More time on our hands means more time to dive deep into music, both old and new. In case you were wondering what the Paste staff has been listening to this week, we’ve got a few selections for you below. Scroll down to sample new albums from Carly Rae Jepsen and FACS, older works from The Walters and Splashh and more. Check out last week’s recommendations here.
Huzzah, it’s here! The long-hinted-at twin to Carly Rae Jepsen’s 2019 album Dedicated arrived in a surprise cloud of glitter and joy last Thursday, and I’ve been gleefully playing it on repeat ever since. Dedicated Side B isn’t all that different from the OG Dedicated in any significant sonic ways, but, of course, it feels like a whole new chapter in the CRJ universe (as any release of hers does)—but with the added angle of receiving this record in quarantine (CRJ knows when she’s needed). Thankfully, it’s much better than her last official drop—the sweet but empty one-off Valentine’s Day single “Let’s Be Friends”—and, in my completely objective, not-biased-at-all opinion, rivals the best of her discography (This is the woman who landed on our best albums of the 2010s list and then promptly secured the number seven spot on our best albums of 2019 roundup with Dedicated). From the sugar-rush of “This Love Isn’t Crazy” to the Emotion-level “Stay Away” to the milkiness of her signature funky pop smoothie on “Summer Love,” Dedicated Side B is nothing but a pure, perfect gift to CRJ fans. Summer, you may commence now. —Ellen Johnson
Last year, one of my close friends sent me the Walters’ debut EP Songs For Dads as I was riding the train home from work, and I burst out crying in front of an entire intramural soccer team. Although I was admittedly tired from a long day, I still feel that same overwhelming sense of fragility when I listen to this EP now, a hundred times later. It’s perfect for idle and active listening alike, and has proved good company over the past few months; while revisiting old pastimes, I have spent many an evening with this EP as I mumble the lyrics and draw oddly-proportioned noses. There is a special kind of tenderness that makes every one of these tracks feel like a letter from an old friend—the warbling vocals and stripped-down instrumentals foster intimacy between artist and audience. Listen to this EP for a sense of peace in whatever you’re doing, whether that’s dusting off an old hobby or simply being with your thoughts. —Lia Pikus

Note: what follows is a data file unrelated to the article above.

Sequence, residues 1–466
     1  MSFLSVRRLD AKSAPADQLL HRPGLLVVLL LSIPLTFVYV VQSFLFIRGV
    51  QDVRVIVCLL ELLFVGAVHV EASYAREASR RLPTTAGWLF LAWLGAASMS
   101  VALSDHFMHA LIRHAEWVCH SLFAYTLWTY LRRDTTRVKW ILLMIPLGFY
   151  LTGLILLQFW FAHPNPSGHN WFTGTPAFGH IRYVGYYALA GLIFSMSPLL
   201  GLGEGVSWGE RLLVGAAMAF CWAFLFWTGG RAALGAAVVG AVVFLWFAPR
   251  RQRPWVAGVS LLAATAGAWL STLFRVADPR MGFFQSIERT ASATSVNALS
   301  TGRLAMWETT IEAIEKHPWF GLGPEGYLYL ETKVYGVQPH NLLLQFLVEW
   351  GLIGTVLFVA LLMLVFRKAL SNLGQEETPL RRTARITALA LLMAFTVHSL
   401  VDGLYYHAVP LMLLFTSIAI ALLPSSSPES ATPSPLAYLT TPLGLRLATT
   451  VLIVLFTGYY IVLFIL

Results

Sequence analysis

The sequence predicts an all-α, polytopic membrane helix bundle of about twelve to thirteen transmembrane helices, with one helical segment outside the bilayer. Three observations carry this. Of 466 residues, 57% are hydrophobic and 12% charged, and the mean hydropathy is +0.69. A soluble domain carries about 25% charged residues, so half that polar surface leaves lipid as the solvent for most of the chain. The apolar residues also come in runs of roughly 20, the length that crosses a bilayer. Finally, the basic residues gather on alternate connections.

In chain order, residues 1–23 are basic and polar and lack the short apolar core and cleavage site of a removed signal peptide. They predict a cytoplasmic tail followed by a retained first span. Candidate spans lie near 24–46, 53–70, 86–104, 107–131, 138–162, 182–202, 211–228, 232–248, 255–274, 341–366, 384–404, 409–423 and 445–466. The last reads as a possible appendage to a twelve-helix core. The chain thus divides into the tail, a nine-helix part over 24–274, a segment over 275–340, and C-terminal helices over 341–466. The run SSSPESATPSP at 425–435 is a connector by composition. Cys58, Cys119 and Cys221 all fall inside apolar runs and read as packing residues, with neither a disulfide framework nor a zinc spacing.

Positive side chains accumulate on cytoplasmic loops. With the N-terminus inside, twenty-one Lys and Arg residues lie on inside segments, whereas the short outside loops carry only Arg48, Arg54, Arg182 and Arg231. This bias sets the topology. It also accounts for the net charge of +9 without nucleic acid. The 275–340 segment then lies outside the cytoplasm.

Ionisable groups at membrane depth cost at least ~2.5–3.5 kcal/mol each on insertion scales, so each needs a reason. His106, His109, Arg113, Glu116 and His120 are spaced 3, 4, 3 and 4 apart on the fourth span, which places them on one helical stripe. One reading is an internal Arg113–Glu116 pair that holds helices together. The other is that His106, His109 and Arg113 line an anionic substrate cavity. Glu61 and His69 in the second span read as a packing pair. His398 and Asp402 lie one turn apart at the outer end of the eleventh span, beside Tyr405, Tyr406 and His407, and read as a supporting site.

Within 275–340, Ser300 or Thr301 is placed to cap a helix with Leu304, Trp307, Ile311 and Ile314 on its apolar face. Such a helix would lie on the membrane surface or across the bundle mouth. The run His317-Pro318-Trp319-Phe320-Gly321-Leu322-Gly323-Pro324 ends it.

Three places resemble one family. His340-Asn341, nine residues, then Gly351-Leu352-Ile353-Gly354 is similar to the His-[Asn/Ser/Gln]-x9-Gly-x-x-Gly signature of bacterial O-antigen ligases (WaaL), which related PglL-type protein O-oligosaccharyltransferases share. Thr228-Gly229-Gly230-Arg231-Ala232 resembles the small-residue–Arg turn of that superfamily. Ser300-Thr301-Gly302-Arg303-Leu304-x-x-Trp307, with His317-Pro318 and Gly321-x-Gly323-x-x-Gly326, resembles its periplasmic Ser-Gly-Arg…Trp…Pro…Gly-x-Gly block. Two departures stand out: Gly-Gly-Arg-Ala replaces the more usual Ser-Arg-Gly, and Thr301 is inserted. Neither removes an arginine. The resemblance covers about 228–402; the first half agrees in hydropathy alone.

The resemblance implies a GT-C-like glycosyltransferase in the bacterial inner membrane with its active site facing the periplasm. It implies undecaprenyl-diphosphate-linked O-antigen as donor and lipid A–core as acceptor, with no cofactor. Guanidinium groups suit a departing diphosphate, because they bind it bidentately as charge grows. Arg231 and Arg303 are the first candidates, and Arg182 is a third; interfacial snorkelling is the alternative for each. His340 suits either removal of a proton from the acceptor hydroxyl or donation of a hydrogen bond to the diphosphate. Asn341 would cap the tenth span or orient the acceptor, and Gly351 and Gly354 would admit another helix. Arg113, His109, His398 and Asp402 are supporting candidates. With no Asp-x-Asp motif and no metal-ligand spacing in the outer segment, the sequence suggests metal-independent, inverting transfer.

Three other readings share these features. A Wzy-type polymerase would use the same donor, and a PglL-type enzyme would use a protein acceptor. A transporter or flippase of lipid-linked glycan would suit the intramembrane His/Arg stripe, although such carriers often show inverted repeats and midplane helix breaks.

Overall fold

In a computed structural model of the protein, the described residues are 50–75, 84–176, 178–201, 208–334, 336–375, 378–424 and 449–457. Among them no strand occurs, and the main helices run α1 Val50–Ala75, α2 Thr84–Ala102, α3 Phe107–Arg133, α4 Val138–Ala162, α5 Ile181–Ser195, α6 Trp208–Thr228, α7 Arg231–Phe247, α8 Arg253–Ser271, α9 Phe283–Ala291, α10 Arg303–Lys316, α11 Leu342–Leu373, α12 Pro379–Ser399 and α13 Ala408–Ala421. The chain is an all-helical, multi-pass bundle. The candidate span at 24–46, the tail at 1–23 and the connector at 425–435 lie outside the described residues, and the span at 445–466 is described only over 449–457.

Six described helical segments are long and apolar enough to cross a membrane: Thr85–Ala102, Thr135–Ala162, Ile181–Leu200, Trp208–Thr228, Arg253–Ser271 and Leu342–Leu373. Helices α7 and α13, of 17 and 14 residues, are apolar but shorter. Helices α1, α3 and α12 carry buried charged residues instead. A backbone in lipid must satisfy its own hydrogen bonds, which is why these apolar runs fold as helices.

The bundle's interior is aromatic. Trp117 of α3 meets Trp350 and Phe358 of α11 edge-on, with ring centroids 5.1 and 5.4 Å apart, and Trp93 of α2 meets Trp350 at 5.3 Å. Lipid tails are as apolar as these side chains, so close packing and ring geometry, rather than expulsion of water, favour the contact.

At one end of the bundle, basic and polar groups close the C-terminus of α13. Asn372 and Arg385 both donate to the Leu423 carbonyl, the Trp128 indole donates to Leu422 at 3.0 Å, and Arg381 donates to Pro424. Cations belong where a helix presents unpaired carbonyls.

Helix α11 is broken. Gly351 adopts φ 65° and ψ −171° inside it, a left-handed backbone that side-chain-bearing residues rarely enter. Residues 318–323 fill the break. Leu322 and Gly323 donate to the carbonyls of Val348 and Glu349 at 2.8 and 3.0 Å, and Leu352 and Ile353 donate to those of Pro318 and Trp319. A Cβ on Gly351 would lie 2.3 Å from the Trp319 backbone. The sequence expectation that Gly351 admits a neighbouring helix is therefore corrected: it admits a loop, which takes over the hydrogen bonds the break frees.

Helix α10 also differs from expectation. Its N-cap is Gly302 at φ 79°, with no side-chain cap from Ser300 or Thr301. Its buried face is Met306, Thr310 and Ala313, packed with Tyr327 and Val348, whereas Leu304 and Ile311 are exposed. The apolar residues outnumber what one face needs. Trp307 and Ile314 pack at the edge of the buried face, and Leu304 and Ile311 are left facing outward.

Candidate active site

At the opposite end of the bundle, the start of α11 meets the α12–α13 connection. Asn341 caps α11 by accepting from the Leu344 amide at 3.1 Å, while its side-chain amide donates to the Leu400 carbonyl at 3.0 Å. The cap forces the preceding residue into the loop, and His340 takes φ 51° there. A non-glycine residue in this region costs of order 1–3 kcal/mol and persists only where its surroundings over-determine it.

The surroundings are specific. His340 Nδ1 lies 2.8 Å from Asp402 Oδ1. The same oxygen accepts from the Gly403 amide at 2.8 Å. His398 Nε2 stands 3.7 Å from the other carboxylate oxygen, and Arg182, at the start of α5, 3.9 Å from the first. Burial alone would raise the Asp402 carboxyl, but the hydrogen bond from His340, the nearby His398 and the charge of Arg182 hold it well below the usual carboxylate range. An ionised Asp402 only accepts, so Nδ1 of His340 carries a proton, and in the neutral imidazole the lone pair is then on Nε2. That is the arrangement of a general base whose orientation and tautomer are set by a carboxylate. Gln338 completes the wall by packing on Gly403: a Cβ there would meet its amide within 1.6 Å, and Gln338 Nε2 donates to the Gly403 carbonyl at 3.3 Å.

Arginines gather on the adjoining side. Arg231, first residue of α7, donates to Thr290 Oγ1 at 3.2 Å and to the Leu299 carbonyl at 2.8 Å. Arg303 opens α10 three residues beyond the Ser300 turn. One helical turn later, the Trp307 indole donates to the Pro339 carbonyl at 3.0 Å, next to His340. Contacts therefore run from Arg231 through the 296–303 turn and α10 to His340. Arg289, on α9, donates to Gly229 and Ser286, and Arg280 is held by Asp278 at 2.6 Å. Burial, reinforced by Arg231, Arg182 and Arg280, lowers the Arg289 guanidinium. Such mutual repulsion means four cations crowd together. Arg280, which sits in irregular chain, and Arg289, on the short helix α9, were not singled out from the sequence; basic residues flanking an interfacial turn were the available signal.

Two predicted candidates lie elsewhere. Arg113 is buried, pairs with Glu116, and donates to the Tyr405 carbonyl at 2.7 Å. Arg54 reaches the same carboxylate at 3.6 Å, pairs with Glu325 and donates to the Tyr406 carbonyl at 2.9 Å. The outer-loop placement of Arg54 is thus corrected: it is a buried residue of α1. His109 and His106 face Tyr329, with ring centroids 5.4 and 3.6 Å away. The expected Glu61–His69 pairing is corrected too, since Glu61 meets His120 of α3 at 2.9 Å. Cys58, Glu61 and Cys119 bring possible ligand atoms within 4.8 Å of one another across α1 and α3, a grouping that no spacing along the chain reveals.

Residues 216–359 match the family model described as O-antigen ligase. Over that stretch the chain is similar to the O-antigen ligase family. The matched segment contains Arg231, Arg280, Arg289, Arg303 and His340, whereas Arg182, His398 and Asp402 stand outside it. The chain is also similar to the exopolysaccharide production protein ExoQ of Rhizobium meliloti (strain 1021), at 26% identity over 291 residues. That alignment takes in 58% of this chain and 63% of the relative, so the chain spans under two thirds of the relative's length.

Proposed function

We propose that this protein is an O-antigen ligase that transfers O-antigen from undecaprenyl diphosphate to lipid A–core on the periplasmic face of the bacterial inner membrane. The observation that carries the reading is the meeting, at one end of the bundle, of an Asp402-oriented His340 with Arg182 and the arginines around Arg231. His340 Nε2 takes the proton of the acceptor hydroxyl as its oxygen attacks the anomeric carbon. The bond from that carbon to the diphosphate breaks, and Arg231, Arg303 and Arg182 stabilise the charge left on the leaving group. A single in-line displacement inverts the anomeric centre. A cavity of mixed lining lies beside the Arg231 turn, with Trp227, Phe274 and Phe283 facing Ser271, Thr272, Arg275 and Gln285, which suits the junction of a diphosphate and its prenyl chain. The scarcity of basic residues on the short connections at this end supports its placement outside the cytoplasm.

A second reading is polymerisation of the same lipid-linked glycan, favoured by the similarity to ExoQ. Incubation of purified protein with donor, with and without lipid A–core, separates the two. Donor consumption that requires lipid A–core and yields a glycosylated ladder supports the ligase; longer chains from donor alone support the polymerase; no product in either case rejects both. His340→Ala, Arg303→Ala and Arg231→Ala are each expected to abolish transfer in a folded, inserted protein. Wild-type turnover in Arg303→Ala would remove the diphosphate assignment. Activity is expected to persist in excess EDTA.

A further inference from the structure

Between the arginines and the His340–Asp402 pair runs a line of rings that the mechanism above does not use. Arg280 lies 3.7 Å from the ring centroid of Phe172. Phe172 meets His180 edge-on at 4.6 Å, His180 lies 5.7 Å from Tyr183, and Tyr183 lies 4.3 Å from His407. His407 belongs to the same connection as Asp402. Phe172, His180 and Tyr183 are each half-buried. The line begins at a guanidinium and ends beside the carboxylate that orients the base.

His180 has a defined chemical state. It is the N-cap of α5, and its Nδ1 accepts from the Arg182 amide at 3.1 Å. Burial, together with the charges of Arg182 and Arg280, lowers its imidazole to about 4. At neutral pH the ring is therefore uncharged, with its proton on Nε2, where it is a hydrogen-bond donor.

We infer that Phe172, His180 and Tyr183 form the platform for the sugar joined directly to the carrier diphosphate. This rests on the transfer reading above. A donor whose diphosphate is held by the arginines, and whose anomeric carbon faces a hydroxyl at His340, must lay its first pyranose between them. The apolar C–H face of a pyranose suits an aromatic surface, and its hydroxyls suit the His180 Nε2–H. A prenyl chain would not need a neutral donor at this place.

Splashh’s debut album sounds even more peculiar now than it did back in 2013. Its lo-fi production quirks that range from psych to slacker rock are everywhere now. Their trippy synths and washed out vocals would sound trendy in 2020 as well as their lyrics of longing, sunshine and self-destruction. The bedroom pop craze of the mid-2010s hadn’t fully arrived yet when this album was released, but Splashh’s Comfort out-writes and out-weirds most of those records. “You’re a danger to yourself / a danger to no one else,” Sasha Carlson sings over gurgled synths on “Feels Like You” for the perfect summation of young adult inner turmoil. Other highlights include “Need It,” one of the most exhilarating, escapist synth-driven tunes of the past decade and “All I Wanna Do,” the best Mac DeMarco song that was never written. —Lizzie Manno
The new FACS album sounds like it warped in the sun, which is ironic, because it’s impossible to imagine listening to it outdoors in the daytime. Void Moments is another entry in the recent wave of gothy post-punk exhumations, but one that doesn’t get tripped up on the past—perhaps because it’s made by seasoned vets with clear goals and ambitions. You can tell they’re familiar with PiL, Wire, Liars and all manner of other bands that take a dark, droning, dubby approach to rock-ishness, but don’t try to be anything other than FACS. This is plodding, sputtering, arrhythmic robot rock with both brains and a soul, and yes, that is all meant as a compliment. —Garrett Martin
I’ve been listening to a single from Andrew Stogel, the L.A. musician who records as War Strings, pretty regularly since it came out a few months ago. It’s a scrappy, solid rock tune all around, but the chorus is what rips my heart out and crushes it into a million pieces. Lo-fi songs don’t usually sound this vast and feelings of isolation don’t usually have echoing accompaniments as grand as these, but when Stogel reaches for angsty glory and dials up the clamor on his vocals, I reach a new level of transcendence. —Lizzie Manno